Early detection and screening tests are an important part of ensuring the good health of our patients.
Your doctor may perform a Pap smear or Pap test, which collects cells from the cervix to screen for any changes that may lead to cervical cancer. Women aged 21 and over should have a routine Pap test every three years. Women who have abnormal Pap test results may need to be screened more often. Your physician will advise you on the testing schedule that is right for you.
According to the U.S. Preventive Services Task Force, combining a Pap test with a Human Papillomavirus (HPV) test can extend the interval between cervical cancer screenings from three years to five years in many women between the ages of 30-65. Talk to your doctor for more informaton on screening recommendations for cervical cancer. The Centers for Disease Control (CDC) has a wealth of information on the Pap Smaear and screening for cervical cancer HERE.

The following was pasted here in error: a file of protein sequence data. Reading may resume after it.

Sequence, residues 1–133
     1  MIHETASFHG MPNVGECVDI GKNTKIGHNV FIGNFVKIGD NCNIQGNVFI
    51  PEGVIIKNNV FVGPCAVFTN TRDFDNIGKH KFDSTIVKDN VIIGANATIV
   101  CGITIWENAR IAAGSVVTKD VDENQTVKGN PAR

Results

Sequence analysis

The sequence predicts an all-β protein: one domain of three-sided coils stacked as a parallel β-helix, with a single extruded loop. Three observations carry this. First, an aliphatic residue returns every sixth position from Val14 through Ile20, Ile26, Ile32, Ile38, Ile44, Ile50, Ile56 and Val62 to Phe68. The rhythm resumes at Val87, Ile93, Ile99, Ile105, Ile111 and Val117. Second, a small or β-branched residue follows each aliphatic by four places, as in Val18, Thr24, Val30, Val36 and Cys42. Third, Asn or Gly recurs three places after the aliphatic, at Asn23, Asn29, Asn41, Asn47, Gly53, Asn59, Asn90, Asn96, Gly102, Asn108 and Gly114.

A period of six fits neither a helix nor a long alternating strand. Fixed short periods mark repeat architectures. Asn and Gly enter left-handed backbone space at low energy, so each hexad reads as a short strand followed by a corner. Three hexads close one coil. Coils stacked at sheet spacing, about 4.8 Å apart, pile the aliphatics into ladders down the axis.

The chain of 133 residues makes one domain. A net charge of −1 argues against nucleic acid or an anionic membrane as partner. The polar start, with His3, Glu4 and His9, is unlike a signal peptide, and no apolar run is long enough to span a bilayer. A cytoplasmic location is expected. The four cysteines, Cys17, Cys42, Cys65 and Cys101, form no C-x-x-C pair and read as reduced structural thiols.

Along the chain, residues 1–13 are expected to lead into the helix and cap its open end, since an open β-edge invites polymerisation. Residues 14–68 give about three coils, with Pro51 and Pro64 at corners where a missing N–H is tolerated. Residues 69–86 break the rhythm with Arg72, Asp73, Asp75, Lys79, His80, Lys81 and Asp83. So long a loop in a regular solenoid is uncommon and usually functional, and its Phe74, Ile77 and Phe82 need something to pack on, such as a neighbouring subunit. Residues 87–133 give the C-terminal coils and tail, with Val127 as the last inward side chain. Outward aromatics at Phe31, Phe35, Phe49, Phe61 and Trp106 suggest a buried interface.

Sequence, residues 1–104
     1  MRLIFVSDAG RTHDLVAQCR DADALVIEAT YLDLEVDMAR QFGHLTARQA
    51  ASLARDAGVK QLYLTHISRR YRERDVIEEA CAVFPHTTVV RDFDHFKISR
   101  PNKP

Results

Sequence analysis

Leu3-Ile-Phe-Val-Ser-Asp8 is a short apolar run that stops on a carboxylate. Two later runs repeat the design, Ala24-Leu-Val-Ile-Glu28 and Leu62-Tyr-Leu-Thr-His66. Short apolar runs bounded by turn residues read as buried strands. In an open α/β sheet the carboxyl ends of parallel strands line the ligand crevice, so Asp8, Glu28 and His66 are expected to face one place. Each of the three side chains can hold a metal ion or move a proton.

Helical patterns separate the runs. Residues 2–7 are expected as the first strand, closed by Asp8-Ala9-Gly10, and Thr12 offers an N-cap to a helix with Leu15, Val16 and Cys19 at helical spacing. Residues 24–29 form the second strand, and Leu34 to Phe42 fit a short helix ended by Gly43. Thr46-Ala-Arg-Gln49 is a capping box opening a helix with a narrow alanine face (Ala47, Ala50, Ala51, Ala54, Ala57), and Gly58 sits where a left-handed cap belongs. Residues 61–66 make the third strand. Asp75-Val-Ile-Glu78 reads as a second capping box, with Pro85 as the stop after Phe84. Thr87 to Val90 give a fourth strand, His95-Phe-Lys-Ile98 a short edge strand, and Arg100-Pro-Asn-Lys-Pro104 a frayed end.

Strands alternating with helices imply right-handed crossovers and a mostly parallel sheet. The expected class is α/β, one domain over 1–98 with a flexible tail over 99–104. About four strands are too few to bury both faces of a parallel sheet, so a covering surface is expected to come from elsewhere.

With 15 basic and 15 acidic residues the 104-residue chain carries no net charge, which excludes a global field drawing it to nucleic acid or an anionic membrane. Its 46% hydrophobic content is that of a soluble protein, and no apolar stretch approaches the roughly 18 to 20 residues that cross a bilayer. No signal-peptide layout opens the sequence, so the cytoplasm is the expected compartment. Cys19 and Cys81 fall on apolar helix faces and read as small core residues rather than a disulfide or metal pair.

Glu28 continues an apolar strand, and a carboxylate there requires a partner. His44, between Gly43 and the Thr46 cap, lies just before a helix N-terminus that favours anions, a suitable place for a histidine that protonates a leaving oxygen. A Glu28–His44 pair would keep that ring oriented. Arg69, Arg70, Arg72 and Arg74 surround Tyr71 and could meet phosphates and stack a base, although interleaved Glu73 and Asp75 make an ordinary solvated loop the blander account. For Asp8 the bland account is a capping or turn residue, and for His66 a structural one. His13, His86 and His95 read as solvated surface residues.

The American Cancer Society has established specific screening guidelines for the early detection of breast cancer:
The American Society of Breast Surgeons recommends women 25 and over should receive formal risk assessment for breast cancer.
Women with a higher than average risk of breast cancer should undergo yearly screening mammography and be offered yearly supplemental imaging, initiated at a risk based age.
To obtain a high risk breast cancer assessment, visit GBMC.org/breast-cancer-assessment and complete the form. After completing the form, a member of the breast center will contact you to discuss your results.
The American Cancer Society recommends screening people at average risk for colon cancer starting at age 45.